Right-Wing Radio in a Panic updated
If your party is in free fall and your base is demoralized what do you do?
That is, what do you do if you’re a Republican? You create an issue. Sew panic.
Rev up that fear mongering machine! Never fear, Fox
“News” is here. The trouble is that wingnut talk-radio has as
much to fear from their own.
However, we have less to fear from Boxer and Clinton than we do from Trent
Lott and others on the center-right who use talk radio as scapegoats for their
own failures and frustrations. Lott said much the same thing as Boxer and
Clinton did to Inhofe about the effect talk radio has had on the immigration
debate. I reminded Inhofe of this, and Inhofe told me that Lott was “wrong”
— and that Lott needed to rethink his criticism. (That comes at around the
50-minute mark of the show.) If the center-right starts attacking talk radio,
they will give momentum to the Fairness Doctrine’s return.
When Reagan deregulated the airwaves and nixed The Fairness Doctrine, up came
the rise of Rush.
Unfortunately, throughout the 1990s, Democrats remained clueless. I was talking
to people about wingnut radio in the 1990s only to see their eyes glaze over.
Most just wanted radio shows that drew listeners and raised ad revenue. Fine. All I wanted to do was provide a counterpoint. See eyes glaze over again. Profit is critical, absolute reality, but outright ownership of the airwaves is the public’s job and there are a lot of liberals in America, as well as independents who deserve to hear more than one point of view without having to pay satellite prices.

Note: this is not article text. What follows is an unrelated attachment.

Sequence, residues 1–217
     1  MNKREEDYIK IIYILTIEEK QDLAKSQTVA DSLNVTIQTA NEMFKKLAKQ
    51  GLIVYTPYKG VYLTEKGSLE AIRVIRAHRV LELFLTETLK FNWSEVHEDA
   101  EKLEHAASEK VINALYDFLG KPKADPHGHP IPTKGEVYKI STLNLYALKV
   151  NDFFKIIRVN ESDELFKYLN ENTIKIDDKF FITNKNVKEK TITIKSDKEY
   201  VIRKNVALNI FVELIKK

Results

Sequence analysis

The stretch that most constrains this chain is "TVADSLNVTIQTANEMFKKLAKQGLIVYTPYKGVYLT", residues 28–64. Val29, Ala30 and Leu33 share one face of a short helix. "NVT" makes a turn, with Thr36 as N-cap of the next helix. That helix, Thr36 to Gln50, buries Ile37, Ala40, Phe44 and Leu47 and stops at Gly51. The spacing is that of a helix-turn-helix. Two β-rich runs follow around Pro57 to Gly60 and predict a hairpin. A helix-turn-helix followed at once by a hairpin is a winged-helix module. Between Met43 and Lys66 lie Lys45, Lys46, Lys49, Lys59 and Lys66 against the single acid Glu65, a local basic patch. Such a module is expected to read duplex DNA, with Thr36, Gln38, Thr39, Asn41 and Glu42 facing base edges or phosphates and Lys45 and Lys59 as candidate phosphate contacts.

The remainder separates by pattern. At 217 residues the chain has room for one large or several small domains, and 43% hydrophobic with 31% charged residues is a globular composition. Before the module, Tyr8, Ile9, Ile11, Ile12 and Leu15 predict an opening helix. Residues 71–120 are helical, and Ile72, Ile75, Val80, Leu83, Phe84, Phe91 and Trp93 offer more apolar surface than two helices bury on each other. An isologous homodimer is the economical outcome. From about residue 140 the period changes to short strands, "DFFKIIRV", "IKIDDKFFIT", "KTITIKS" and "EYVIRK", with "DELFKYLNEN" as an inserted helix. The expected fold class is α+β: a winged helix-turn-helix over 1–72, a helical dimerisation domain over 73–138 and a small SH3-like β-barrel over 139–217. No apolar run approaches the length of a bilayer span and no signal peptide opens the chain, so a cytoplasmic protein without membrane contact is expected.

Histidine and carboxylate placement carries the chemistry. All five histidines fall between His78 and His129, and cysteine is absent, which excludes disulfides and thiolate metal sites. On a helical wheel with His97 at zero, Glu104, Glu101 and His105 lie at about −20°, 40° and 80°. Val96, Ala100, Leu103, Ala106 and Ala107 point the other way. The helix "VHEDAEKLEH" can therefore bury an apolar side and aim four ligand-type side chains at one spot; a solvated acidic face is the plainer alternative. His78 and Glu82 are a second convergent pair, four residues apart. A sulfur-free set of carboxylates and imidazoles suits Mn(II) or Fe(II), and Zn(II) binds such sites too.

When Republicans found out what radio could do their greed reached a peak. They used it on Clinton throughout the 1990s and it worked, with that success fueling more campaigns. They cemented Hillary Clinton’s persona as well. They’re doing it again with immigration, which is what has brought Trent Lott and others out.
The Fairness Doctrine is one issue, but the bottom line truly is regulation
of the airwaves so one company and one political party doesn’t own them. Once again, here’s part of the American Progress report, because it cannot be shown enough.
Ã¢â‚¬“ In the spring of 2007, of the 257 news/talk stations owned by the
top five commercial station owners, 91 percent of the total weekday talk radio
programming was conservative, and only 9 percent was progressive.
Ã¢â‚¬“ Each weekday, 2,570 hours and 15 minutes of conservative talk are
broadcast on these stations compared to 254 hours of progressive talk Ã¢â‚¬”
10 times as much conservative talk as progressive talk.
Ã¢â‚¬“ 76 percent of the news/talk programming in the top 10 radio markets
is conservative, while 24 percent is progressive.
Two common myths are frequently offered to explain the imbalance of talk
radio: 1) the 1987 repeal of the Fairness Doctrine (which required broadcasters
to devote airtime to contrasting views), and 2) simple consumer demand. Each
of these fails to adequately explain the root cause of the problem. The report
Our conclusion is that the gap between conservative and progressive
talk radio is the result of multiple structural problems in the U.S. regulatory